KOTA KINABALU: Liberal Democratic Party (LDP) vice president, Datuk Chin Shu Ying, has proposed for Chinese opposition politicians in Sabah to unite under a single party in order to strengthen the political power of the Chinese.
Chin said the disastrous defeat of Chinese political parties in Barisan Nasional (BN) was a turning point for the parties.
He suggested that peninsular-based MCA and Gerakan dissolve their Sabah branches to join LDP, besides welcoming Chinese politicians in Parti Bersatu Sabah (PBS) and Sabah Progressive Party (SAPP) who share the same aspirations into the party.
LDP and PBS have announced their departure from BN after the 14th General Election (GE14).
Chin said the election results had clearly shown that Chinese candidates of BN component parties were rejected by the people.
On the bright side, he said, Chinese opposition leaders and members in Sabah should be united under the same platform to effectively carry out their role as check and balance on the government.
According to him, many MCA and Gerakan leaders have expressed their wish to move towards this goal. Chin also believed that SAPP is finding it hard to sustain after having suffered from total defeat twice in the general elections.
“I believe many SAPP members are thinking of their next step. If there is nothing to unite them and LDP is not there to take care of the Chinese, the Chinese people will have nowhere to go to,” Chin said.
His proposal, Chin said, included Chinese politicians in PBS who shared the same political ideology, and added that some Chinese politicians have approached LDP to discuss this matter.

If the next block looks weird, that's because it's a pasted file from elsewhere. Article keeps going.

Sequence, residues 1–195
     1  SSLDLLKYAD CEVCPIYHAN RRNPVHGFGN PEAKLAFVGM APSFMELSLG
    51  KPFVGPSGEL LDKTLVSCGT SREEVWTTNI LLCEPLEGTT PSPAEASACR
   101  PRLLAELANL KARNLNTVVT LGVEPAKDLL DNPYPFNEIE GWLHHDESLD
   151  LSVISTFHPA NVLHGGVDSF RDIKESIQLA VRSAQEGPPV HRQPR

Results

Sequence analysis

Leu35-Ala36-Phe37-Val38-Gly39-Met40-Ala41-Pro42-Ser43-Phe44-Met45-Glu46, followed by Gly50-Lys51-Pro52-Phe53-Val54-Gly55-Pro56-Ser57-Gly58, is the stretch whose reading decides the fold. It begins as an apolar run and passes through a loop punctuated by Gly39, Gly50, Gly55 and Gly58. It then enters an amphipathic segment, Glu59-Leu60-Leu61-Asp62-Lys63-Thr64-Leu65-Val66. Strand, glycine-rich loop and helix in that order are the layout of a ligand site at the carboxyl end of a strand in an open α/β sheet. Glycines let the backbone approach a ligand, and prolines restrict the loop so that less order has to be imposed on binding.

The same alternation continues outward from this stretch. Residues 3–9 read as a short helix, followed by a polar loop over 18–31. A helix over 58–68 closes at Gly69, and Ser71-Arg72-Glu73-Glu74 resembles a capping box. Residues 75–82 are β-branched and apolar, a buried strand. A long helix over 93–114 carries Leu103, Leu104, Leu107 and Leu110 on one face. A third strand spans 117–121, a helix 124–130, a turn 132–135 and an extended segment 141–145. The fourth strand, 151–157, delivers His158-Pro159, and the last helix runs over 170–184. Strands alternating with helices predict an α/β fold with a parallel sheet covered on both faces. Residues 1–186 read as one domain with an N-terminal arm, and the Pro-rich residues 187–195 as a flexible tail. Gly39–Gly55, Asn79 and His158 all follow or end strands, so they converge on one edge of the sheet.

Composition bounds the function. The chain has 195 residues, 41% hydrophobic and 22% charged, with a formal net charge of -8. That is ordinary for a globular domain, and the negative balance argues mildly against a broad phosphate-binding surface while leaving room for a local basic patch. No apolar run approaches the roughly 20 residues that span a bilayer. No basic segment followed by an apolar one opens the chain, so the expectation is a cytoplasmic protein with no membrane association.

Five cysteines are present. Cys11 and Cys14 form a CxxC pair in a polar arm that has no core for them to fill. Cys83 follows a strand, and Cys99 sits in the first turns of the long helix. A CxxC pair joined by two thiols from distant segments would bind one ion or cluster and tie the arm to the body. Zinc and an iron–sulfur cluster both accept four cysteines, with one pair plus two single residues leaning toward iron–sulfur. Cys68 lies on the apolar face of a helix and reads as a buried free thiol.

As to who will lead the pack, he said, LDP would offer the party as a platform, given that it was the sole Chinese local party in Sabah.
He said, Chinese political parties needed to be well-prepared to offer voters a better choice if the Democratic Action Party (DAP) could not deliver on its promises.
On the chances of realizing his proposal, Chin said, the rate of success was close to zero when there were a lot of interests involved in the past.
“Now that everything is lost, I think the chances of success is quite high,” Chin said optimistically.
Although the other Chinese parties might not dissolve, he said, the younger generation should reconsider on the choice of their platform as they moved forward.
“Do they want to move on as a united, powerful force or otherwise?” he asked.
He said the Chinese made up around 18 percent of the total population in Sabah, and less than one percent join politics.
“The political power of the Chinese is very weak. We cannot afford to remain disunited,” Chin said.